DENVER, CO - DECEMBER 14: Nikita Zadorov #16 of the Colorado Avalanche congratulates Matt Duchene #9 after his goal against the Philadelphia Flyers at the Pepsi Center on December 14, 2016 in Denver, Colorado.  (Photo by Matthew Stockman/Getty Images)
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As if the Colorado Avalanche needed another miserable element to 2016-17: Nikita Zadorov suffered a season-ending injury during the same practice that Erik Johnson returned.

Zadorov injured his ankle after being tangled up with Mikko Rantanen during a Monday practice, according to the Denver Post.

Update: The Denver Post’s Mike Chambers reports that it’s a fractured ankle. Yikes.

Zadorov, 21, is a big defenseman with the pedigree that would inspire teams to imagine better things in the future (16th pick in 2013 by Buffalo). So far, that potential hasn’t really manifested itself in production, whether you judge a player by points, plus/minus or possession numbers.

He may be able to put it together at some point – again, he’s young – so perhaps he’ll remember this as a low point before he turns things around.

At the moment, it’s just another grim part of a bleak time for the Avs.

Kings may just lean on Budaj as Quick progresses toward return

LAS VEGAS, NV - OCTOBER 08:  Goaltender Jonathan Quick #32 of the Los Angeles Kings stands on the ice during a preseason game against the Colorado Avalanche at T-Mobile Arena on October 8, 2016 in Las Vegas, Nevada. Colorado won 2-1 in overtime.  (Photo by Ethan Miller/Getty Images)
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LA Kings Insider provided a mostly positive update about Jonathan Quick‘s gradual recovery from what’s been a season-long injury. Still, it’s difficult to get a truly concrete idea about the team’s plans.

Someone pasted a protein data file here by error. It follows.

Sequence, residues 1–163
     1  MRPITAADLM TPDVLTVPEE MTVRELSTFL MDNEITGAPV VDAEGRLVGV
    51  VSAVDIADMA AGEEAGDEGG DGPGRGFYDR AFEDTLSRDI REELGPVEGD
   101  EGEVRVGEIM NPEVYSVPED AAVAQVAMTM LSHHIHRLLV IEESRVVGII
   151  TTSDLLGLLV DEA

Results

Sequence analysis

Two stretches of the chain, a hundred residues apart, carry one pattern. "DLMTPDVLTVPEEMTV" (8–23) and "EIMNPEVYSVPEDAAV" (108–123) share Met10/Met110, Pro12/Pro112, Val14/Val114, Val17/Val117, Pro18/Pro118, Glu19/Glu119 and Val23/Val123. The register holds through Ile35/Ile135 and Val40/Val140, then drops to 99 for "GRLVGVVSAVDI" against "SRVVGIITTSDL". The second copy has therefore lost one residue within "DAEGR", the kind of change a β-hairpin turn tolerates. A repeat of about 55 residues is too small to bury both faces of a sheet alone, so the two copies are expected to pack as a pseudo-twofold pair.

Quick told Jon Rosen that “everything’s coming along really well,” but they didn’t give a hard date on when he may suit up again for Los Angeles.

(NHL.com and Rosen’s report remind us that the general aim is for “the first half of March.”)

The Kings were mulling over the possibility of recalling former Stars first-round pick Jack Campbell to attempt to ease the surprisingly large burden on journeyman goalie Peter Budaj, but Rosen reports that such discussions have been “tabled.”

Jeff Zatkoff has been a mixture of inactive and ineffective for the Kings, so what about getting help elsewhere for Budaj? That part’s a little fuzzy, though it’s clear that Budaj – Zatkoff is the duo for the moment.

Darryl Sutter backs that up, via Rosen:

But, according to a source, Campbell’s recall has been tabled, as it appears as though Budaj and Zatkoff will be the duo until Quick is able to return, and that no cut-off will be necessary as Quick is “on that path” towards being game-ready, according to Sutter.